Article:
“That gum you like is going to come back in style.“ – The Man from Another Place
It is! And so is Twin Peaks. The groundbreaking series premiered 25 years ago today, and ran for only two seasons, somehow managing in that short time to become a pop culture phenomenon and have a lasting impact on what would be creatively possible on television.
In 2017, those of us who were riveted to our TV sets every week watching the story unfold are going to be rewarded with 18 brand new episodes on Showtime, all written by David Lynch and Mark Frost, all directed by David Lynch, and all scored by Angelo Badalamenti. We’ll even see the Double R Diner again! Many of the original stars will also return to the show's new incarnation, which is sure to captivate and confuse the hell out of us all over again.
Twin Peaks was centered around the murder of Laura Palmer, a teenager in a small town full of double identities, secret lives, strong black coffee, and cherry pie. The arrival of FBI agent Dale Cooper (Kyle MacLachan) brought with it Tibetan deductive techniques, creepy dreams, a dancing dwarf, and a giant. With haunting music by Angelo Badalamenti, a cast of old school movie veterans and young newcomers, and innovative storylines peppered with details from Hollywood classics, Twin Peaks gave TV viewers an experience unlike anything that had come before.
To celebrate both its anniversary and its renewal, here are seven fun facts about this extraordinary show with some bonus trivia for die-hard fans.
1. THE LOG LADY STILL HAS HER LOG
Catherine E. Coulson, aka The Log Lady, has been offered a lot of money for that log, but she’s still holding on to it. She used to take it with her to Twin Peaks conventions and appearances, but that ended when she stopped being allowed to store it in the overhead compartment on airplanes. According to the TSA, it could be used as a bludgeon, which is hard to argue with after seeing Windom Earle knock Bobby Briggs unconscious with it in the second-to-last episode. The log stays home.
2. THE SHOW HAD SOME PRETTY FAMOUS FANS
It’s not hugely surprising that filmmaker-auteur Quentin Tarantino is a fan. But there are a few others who might not seem as obvious:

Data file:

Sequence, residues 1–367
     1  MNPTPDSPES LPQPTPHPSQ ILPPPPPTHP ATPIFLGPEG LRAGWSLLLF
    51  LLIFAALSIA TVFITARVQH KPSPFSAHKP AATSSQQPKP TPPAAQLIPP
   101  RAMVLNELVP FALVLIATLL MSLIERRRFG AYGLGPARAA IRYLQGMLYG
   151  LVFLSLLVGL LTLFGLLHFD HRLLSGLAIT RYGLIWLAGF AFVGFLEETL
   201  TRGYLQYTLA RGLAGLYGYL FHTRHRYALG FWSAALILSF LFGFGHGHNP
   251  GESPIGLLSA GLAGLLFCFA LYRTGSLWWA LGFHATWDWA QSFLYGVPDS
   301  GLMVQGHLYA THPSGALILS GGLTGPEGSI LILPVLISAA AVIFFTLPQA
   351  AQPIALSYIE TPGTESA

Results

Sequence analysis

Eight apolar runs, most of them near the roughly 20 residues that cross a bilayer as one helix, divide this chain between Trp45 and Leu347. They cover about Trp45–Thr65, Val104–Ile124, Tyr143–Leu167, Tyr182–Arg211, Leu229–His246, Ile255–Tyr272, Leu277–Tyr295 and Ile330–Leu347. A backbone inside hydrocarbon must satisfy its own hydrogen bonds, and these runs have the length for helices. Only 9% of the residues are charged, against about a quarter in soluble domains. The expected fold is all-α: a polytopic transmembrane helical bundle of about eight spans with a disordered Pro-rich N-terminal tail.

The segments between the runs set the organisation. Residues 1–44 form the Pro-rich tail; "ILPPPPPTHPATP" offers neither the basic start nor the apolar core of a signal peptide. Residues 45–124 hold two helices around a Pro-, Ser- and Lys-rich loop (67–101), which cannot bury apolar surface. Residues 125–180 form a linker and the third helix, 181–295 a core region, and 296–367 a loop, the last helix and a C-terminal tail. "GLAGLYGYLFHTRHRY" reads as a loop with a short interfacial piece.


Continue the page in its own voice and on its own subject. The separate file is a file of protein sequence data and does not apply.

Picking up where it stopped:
Steven Spielberg. Some of the writers were friends with Spielberg’s wife, Kate Capshaw, and when they found out he was a fan, they talked to him about directing an episode. He was all set to do the first show of the second season, but when they reported this to David Lynch, he casually said no, he was thinking he’d like to do that one himself. Spielberg was welcome to pick any other episode that season. That was the only free time in his schedule, so that was the end of that.
Mikhail Gorbachev was such a fan of the show that he asked George H.W. Bush to use his Presidential power to find out who killed Laura Palmer. The President failed, not because his request didn’t make it through to David Lynch, but because Lynch hadn’t decided who the killer was yet.
An impressed Paul McCartney invited show composer Angelo Badalamenti to come work with him at Abbey Road Studios in London. While Badalamenti was there, Paul told him about the time he’d been asked to do a 40-minute set at Buckingham Palace for Queen Elizabeth II’s birthday. When he was about to go on, the Queen greeted him kindly and then apologized, because she was about to leave. When he expressed his dismay that she was leaving her own party, she explained that it was “five of eight” and she had to go turn on the TV because Twin Peaks was about to start.
Other heavily influenced fans include David Chase (creator of The Sopranos) and J.J. Abrams (co-creator of Lost).
3. AUDITIONS WERE MORE LIKE MEETINGS THAN TRYOUTS
Some of the actors read for parts, but most of the time, casting director Johanna Ray brought them in just to sit down and talk with show creators David Lynch and Mark Frost. Ray Wise came in hoping to play Dr. Jacoby, they had a long conversation about the first cars they owned, and a few days later he was cast as Leland Palmer. He had to read the script all over again to see what Leland was all about.
Michael Ontkean (Sheriff Harry S. Truman) – who remembered being “knocked out” by Lynch’s movie Blue Velvet when he went to see it with Paul Newman – was sure he was hired because of Lynch’s admiration for his worn-out biker jacket.
In many cases, once the show’s creatives met with actors, they decided then and there to expand the roles of those characters, even going so far as to create completely new ones. When Madchen Amick read for Donna Hayward’s part, they created Shelly Johnson just for her.
And Harry Goaz (Deputy Andy) was actually David Lynch’s driver! When the show got greenlit, ABC exec Gary Levine flew back to L.A. and was picked up by Goaz. Levine told him the show was a go, so he was going to be an actor now, and offered to drive the car himself.
4. THERE WERE A LOT OF FAMILIES ON SET
Notice anything about Windom Earle’s first murder victim? If his resemblance to Agent Cooper struck you, there’s a reason: he was played by Kyle MacLachlan’s brother Craig, who was also a production assistant on a few episodes.
David Lynch’s family got in on the act, too. His daughter Jennifer wrote the bestseller “The Secret Diary of Laura Palmer” which came out after the first season aired. And remember the grandson of one of Laura’s Meals on Wheels clients, with his hands full of creamed corn? That was Lynch’s son, Austin Jack.
Mark Frost’s father, Warren, played town doctor Will Hayward, and his brother Scott wrote a few scripts for the series as well as the novel “The Autobiography of FBI Agent Dale Cooper,” which covered Cooper’s early years and his history with Windom Earle.